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Who decides how many vaccines Texas gets?

CDC determines how many doses of vaccine Texas will receive each week, based on population. Once the Texas Department of State Health Services (DSHS) is notified of the number of doses expected the following week, DSHS staff presents possibilities for vaccine distribution to the Expert Vaccine Allocation Panel (EVAP). The panel makes modifications and recommendations to the Commissioner of Health, who makes the final decision on that week’s distribution.

Who decides how to distribute the vaccine in Texas?

In Texas, DSHS distributes the vaccine with the guidance of the EVAP, appointed by the Health Commissioner, Dr. John Hellerstedt.

How did DSHS decide who to immunize first?

The Commissioner of Health appointed an EVAP to make recommendations on vaccine allocation decisions. This includes identifying groups that should be vaccinated first. The goal is to provide the most protection to vulnerable populations and critical state resources. EVAP developed Vaccine Allocation Guiding Principles (PDF) that provide the foundation for the Texas vaccine allocation process.

Who can get the vaccine now?

Front-line healthcare workers and residents at long-term care facilities (called Phase 1A) plus people over 65 or with a chronic medical condition that puts them at increased risk for severe illness from COVID-19 (called Phase 1B) are currently eligible to receive the COVID 19 vaccine.

Phase 1B recipients include:

  • People 65 years of age and older
  • People 16 years of age and older with at least one chronic medical condition that puts them at increased risk for severe illness from the virus that causes COVID-19, such as but not limited to:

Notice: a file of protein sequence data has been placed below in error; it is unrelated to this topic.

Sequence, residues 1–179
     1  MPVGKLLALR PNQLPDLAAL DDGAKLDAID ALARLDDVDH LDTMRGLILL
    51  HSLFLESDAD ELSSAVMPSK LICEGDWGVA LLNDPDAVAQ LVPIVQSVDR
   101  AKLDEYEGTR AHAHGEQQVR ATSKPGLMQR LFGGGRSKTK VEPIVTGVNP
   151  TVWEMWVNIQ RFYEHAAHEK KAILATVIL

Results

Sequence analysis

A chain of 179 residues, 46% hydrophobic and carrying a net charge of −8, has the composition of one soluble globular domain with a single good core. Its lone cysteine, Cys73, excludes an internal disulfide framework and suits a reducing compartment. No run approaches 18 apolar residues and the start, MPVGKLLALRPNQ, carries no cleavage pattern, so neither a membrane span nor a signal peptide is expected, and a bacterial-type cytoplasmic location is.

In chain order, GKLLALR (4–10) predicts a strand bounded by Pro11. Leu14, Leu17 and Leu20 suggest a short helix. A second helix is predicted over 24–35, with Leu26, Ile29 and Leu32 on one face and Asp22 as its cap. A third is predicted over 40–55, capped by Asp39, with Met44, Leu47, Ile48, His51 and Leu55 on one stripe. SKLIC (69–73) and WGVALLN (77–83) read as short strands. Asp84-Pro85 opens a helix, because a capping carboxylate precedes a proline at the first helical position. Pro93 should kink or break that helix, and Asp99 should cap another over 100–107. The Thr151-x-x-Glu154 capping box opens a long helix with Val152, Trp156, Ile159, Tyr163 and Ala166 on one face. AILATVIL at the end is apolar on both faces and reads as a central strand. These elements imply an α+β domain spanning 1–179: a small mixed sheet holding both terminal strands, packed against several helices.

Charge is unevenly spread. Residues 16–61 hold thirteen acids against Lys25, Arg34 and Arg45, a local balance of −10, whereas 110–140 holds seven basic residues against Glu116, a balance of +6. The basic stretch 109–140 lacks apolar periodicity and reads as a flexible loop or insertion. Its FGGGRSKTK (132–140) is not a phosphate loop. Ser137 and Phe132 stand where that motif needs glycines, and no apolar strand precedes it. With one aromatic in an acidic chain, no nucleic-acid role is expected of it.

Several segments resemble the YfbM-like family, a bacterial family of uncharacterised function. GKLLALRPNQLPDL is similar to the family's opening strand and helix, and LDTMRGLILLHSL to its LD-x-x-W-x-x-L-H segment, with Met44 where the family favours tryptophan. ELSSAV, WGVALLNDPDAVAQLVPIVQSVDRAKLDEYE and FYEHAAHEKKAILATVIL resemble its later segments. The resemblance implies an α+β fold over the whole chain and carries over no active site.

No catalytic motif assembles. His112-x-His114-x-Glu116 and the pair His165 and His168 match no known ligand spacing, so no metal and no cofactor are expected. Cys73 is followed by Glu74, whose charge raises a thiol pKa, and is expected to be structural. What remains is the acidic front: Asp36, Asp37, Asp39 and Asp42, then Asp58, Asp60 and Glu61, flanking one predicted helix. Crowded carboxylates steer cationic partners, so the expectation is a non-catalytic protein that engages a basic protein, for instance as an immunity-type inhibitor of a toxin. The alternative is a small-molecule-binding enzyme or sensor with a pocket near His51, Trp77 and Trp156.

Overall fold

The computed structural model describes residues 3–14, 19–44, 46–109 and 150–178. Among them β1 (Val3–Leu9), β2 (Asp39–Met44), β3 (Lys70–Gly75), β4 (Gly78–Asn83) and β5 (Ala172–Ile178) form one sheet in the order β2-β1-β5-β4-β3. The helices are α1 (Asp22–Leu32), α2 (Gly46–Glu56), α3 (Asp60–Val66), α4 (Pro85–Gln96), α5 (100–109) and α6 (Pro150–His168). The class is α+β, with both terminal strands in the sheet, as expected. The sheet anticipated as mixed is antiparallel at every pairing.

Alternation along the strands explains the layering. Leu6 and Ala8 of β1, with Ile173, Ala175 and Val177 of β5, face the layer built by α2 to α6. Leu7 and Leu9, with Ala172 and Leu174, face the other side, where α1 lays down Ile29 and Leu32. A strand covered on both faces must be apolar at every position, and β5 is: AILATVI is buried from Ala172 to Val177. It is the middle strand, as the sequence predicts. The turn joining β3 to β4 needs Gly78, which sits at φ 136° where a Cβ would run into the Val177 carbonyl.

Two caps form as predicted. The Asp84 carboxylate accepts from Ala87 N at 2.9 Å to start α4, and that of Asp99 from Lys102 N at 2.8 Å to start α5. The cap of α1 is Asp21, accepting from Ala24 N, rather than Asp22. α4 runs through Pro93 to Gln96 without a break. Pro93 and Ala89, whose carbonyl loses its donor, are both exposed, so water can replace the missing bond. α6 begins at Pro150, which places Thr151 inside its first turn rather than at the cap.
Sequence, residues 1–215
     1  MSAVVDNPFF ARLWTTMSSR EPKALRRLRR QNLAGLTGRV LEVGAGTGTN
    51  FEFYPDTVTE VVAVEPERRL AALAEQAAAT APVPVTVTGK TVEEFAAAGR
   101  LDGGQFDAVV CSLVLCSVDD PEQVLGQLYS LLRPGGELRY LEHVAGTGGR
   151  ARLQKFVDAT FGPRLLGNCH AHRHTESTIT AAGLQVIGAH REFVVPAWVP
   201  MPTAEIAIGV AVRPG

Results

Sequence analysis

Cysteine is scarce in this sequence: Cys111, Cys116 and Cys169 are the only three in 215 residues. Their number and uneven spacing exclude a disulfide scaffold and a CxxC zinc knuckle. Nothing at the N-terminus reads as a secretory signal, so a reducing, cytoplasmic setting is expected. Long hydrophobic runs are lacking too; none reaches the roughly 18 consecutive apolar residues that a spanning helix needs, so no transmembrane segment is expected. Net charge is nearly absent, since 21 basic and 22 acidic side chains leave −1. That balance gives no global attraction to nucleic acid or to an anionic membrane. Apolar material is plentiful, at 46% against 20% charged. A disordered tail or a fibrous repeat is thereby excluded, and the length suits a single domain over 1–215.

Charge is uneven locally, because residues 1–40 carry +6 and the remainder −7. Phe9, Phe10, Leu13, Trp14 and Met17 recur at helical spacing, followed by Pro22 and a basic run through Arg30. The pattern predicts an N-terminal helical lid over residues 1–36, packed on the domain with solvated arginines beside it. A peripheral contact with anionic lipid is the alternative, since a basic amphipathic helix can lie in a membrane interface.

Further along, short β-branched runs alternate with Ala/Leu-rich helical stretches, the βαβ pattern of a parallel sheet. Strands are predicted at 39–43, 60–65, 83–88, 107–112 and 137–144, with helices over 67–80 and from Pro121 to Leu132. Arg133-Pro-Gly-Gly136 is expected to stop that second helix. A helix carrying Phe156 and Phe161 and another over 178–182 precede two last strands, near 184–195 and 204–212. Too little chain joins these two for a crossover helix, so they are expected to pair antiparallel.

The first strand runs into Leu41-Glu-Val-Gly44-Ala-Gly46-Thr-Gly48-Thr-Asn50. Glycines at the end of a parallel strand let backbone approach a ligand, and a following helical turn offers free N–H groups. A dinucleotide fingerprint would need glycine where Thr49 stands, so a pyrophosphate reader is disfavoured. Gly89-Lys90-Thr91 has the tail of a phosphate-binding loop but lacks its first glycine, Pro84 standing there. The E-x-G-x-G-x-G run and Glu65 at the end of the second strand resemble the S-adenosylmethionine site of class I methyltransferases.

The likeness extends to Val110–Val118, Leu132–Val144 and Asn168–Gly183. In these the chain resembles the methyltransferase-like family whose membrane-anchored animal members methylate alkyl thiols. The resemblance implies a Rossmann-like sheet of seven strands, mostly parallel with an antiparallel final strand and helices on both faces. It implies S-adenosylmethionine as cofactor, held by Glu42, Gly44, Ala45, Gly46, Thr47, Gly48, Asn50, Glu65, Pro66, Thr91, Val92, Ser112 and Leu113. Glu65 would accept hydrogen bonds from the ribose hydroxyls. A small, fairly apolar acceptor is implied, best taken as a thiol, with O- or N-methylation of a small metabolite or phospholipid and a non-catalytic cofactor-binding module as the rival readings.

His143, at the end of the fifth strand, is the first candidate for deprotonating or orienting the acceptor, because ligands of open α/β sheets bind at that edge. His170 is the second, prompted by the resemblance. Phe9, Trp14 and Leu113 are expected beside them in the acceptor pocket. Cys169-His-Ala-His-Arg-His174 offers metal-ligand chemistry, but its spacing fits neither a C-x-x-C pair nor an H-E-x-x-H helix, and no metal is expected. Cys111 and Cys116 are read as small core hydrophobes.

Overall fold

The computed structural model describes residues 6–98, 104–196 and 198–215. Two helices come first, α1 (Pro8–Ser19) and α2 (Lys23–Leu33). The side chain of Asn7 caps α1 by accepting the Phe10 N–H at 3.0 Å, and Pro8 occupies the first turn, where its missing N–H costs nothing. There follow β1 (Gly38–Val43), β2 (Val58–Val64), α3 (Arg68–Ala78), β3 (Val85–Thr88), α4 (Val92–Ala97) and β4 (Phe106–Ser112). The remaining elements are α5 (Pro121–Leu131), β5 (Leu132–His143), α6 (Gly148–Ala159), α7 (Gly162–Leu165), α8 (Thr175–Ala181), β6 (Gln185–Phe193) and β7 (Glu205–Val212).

• Cancer
    • Chronic kidney disease
    • COPD (chronic obstructive pulmonary disease)
    • Heart conditions, such as heart failure, coronary artery disease or cardiomyopathies
    • Solid organ transplantation
    • Obesity and severe obesity (body mass index of 30 kg/m2 or higher)
    • Pregnancy
    • Sickle cell disease
    • Type 2 diabetes mellitus

This list does not necessarily indicate the order of vaccination.

When will teachers, critical infrastructure workers, essential workers and other front-line workers not included in 1A, be eligible for the vaccine?

Spring 2021 is the best estimate of when vaccine will be available for the general public who are not considered Phase 1B. No specific occupation or group is specifically identified in 1B; however, all occupations will have some individuals who meet the 1B criteria. It depends on vaccine production and how quickly other vaccines become available.

Additional information for educators and school staff is available in the Texas Education Agency (TEA) K-12 COVID-19 Vaccine FAQ.

If I’m eligible for vaccine now, how do I get one?

The week of January 11, Texas will direct most COVID-19 vaccines received to large sites or hubs around the state to vaccinate more than 100,000 people.

  • The goal of this plan is to provide more people the vaccine and a simpler way to sign up for an appointment.
  • Providers will focus on vaccinating areas and populations hardest hit by COVID-19.

If you are in Phase 1 and eligible to receive the vaccine, please check the COVID‑19 Vaccination Hub Providers page to find a hub near you and learn how to register.

Alternately, you can also check the websites of vaccine providers listed on the Texas COVID‑19 Vaccine Availability map to see if they have enough vaccine supply at this time.